I always knew “Everything old is new again …” even in death. But I never experienced it until my most recent trip to Palm Springs during their “Modernism Week.” It is kind of like the Super Bowl for architects and design fans for everything mid-century modern; from houses to antique shows to vintage cars to art. Palm Springs has now become the “MIDMOD” mecca. It has more restored and renovated houses per acre than any other location.
Personally I wouldn’t know a Neutra house from a trailer. I grew up in an authentic 1965 Japanese Modern home, which my 95-year-old mother just got rid of. So I was fearful that some of this excitement over 1960 “retro restoration” would bore or depress me with moldy memories.
Besides, the last time I visited Palm Springs was mid-1980s with pal Carrie Fisher who insisted we go for three days to get over her split with Paul Simon and to visit her grandparents — Debbie Reynolds’ mom Maxine and dad Ray Reynolds.
So before I went on my 2017 Palm Springs Pilgrimage, I decided to go visit Carrie and Debbie’s gravesite at Forest Lawn in Hollywood to pay my respects.
Actually, before I did that, I went to Beverly Hills’ Will Rogers Park to visit the infamous public men’s room where George Michael got busted “performing lewd acts” in 1998. Apparently it was because of that incident that Michaels came out. That bathroom arrest changed his life. Now it has become somewhat of a “shrine” — though no signage is present. Nowadays mostly Arabs (staying next door at the Beverly Hills Hotel) are in the park walking their dogs and baby carriages. I knew Carrie would approve of this LGBT pit stop.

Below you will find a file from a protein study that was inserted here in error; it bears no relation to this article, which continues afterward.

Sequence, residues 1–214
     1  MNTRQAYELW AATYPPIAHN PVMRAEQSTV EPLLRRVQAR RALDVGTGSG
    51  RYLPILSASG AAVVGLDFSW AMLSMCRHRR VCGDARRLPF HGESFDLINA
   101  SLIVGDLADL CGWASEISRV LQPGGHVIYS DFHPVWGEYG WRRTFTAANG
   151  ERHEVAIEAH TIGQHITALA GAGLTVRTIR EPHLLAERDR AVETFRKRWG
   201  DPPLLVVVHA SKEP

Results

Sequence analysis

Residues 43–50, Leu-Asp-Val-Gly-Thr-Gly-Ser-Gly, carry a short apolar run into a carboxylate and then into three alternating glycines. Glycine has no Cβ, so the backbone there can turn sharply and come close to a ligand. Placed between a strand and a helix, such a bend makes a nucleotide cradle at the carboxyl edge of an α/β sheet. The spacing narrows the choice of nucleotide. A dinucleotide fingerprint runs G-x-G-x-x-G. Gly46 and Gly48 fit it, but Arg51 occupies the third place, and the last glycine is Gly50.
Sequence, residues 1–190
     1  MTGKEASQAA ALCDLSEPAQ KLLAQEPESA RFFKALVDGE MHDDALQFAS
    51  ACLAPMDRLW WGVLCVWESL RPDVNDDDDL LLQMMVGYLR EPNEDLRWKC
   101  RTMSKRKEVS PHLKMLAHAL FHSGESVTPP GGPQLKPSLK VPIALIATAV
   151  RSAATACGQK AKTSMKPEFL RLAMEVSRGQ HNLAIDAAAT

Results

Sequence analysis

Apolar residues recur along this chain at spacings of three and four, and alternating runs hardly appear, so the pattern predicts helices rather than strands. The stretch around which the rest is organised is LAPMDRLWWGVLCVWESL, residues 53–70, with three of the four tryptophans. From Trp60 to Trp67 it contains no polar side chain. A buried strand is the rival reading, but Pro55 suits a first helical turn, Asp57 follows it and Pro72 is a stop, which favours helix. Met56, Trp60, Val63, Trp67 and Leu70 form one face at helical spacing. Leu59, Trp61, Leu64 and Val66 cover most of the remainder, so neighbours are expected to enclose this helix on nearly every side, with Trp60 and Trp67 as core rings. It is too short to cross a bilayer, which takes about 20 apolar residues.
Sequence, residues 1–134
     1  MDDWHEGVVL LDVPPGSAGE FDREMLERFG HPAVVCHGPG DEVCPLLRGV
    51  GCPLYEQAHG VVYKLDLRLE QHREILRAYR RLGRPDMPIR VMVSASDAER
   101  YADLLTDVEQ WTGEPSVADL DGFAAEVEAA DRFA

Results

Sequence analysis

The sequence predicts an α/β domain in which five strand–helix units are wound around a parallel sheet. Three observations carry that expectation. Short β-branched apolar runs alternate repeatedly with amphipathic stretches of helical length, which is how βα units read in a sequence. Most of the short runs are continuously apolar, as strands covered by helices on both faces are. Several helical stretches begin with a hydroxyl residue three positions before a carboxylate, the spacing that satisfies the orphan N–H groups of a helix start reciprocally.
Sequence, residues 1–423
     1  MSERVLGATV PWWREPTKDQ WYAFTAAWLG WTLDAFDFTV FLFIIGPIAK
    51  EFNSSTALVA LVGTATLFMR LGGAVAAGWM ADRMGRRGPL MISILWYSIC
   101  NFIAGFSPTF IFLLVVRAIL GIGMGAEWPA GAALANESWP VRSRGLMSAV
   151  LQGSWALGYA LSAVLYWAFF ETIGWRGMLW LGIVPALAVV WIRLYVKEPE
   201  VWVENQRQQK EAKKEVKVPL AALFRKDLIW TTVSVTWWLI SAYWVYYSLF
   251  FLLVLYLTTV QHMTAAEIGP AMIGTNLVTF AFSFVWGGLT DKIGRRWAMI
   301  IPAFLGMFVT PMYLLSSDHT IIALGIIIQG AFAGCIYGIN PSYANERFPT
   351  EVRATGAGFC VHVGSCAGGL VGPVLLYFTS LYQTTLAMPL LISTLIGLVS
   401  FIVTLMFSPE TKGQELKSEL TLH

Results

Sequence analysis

Carrie and Debbie’s Forest Lawn “Wall” was in the “Courtyard of Treasured Love” — with a full view of the Hollywood Mountains and across the street from the Warner Brothers Studios. And it is right next to Liberace’s memorial “crypt” or vault. I went right after Valentine’s Day, so there was an array of flowers and candy decorating both graves. Apparently Debbie was close to Liberace and even played his mother in the HBO hit “Candelabra.” Forest Lawn was the best final scene for all of them.
Hooray for Hollywood!
But it was Carrie who originally inducted me into Palm Springs … in her way. We stayed at Two Bunch Palms (which, at the time, was a popular shabby spa/resort known for being “Al Capone’s getaway”). She insisted we drop Psilocybin and go shopping. Later we would sit in the hotel’s mineral baths. We did all of that while I was tripping. I thought Carrie became Eddie, and she ended up spending (à la Michael Jackson) $15,000 in a tourist memorabilia shop on the main drag. Later she bought both of us entirely new outfits and she insisted we wear them out of the shop and leave all of our clothes in the dressing room.